The University of York could soon be turning into a real-life social melodrama based on college accommodation. The recent proposition from the University to introduce rent banding will have social consequences beyond the financial worries we currently face.
Rent banding can only suggest impressions of social class division. We’re already under extremist misconceptions that the inhabitants of Alcuin are snobby rich kids who don’t understand the concept of weekly budgeting and that those in Derwent walk around campus like filthy tramps because they’re unable to take a shower more than once a week. And these stereotypes exist even before any financial banding.
Those in the highest band will assume the stereotype of having an aristocratic superiority complex, and presume the lower bands to be disgruntled and jealous. It may be wrong, but everyone’s guilty of being judgmental at times. The University should recognise these implications as separate from their own concerns about generating more income. Students don’t need to be reminded of disparity within campus accommodation – we already know. But this doesn’t mean that the actual students living in various colleges are any different from each other.
If (or more likely, when) banding comes into practice, I have visions of next year’s freshers from the lowest band standing on Central Hall bridge, above its blue glow, giving sorrowful renditions of ‘Part of that World’ à la Ariel from The Little Mermaid. In reality, only when they get to know people from other colleges and avoid judgments based on living standards, will they realise that banding provides nothing more than a label.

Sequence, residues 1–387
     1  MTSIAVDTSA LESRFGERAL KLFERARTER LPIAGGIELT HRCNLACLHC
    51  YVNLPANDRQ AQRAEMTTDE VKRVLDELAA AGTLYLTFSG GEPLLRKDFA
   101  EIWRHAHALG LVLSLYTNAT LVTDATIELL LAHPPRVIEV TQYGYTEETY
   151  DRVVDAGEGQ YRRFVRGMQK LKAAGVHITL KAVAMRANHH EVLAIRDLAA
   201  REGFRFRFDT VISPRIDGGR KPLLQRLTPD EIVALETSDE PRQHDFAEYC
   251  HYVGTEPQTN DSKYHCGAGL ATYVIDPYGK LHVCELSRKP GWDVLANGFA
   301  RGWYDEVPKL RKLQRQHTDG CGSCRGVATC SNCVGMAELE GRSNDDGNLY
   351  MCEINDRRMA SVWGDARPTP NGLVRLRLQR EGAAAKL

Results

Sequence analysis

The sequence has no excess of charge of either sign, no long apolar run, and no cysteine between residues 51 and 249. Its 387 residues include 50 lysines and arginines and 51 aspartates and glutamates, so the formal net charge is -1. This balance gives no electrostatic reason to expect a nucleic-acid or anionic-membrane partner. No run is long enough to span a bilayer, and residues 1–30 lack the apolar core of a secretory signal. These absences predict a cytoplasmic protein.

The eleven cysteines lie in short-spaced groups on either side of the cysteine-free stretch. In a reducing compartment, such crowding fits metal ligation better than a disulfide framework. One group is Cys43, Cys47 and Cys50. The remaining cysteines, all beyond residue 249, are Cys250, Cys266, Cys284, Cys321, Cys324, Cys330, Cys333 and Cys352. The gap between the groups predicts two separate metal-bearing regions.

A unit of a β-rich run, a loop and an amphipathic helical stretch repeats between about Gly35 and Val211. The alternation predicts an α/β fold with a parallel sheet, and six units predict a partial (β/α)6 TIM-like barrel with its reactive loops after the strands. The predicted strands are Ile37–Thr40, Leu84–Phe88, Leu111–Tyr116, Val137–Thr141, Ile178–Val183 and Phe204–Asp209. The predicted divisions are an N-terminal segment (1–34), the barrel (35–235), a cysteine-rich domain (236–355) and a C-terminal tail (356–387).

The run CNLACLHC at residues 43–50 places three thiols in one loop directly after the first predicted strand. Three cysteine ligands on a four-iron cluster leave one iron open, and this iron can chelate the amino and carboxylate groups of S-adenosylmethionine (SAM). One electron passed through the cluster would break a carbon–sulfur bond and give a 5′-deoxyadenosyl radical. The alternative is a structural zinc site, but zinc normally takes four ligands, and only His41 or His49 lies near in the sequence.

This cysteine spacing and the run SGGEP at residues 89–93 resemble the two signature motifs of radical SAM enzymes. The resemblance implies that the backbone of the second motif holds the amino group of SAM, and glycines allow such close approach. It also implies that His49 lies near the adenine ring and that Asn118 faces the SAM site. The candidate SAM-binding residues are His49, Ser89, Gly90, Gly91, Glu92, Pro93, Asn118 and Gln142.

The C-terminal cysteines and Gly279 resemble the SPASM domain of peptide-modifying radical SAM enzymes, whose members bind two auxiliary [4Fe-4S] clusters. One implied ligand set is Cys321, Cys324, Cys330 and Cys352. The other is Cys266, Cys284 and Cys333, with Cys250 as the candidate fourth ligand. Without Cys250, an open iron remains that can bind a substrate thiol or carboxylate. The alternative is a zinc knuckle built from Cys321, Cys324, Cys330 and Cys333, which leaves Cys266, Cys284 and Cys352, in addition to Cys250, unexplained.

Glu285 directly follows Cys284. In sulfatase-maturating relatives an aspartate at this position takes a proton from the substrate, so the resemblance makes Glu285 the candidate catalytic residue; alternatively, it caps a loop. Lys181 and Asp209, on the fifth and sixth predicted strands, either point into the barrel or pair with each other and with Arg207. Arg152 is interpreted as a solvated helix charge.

In fairness, the concept of rent banding may be necessary in some cases. It’s unreasonable to be paying the same amount for the same type of room in Langwith as in new Goodricke; where the latter would clearly be nicer. However, it’s the subsequent segregation of students because of their financial means that is unfair. By using as few bands as possible, we will be able to promote equality – aren’t we meant to be living in a society attempting to overcome prejudice based on financial income?
It seems that the plan to turn the lowest band into catered accommodation is somewhat flawed. For those with financial restrictions, being forced to pay for a school dinner-esque food package at nearly £5 per meal, we could budget our food shopping better for ourselves. What’s more is that accommodation which was previously the cheapest will no longer actually have that particular attraction to prospective students.
Attempting to avoid the York accommodation television melodrama seems futile. There’s nothing we can do other than campaign to keep “accommodation equality”. In the end, it will not be us, but the new students of next year who will be choosing their accommodation when rent banding comes into focus. For the University, proportionate charging might have an impact on its students well-being in a realm additional to their finances.
There is an increase in rent every year; yet the University need not publicly create implications of inequality. Rent banding intrinsically alludes to a financial hierarchy. The University of York does not need be turned into a Dickensian social commentary.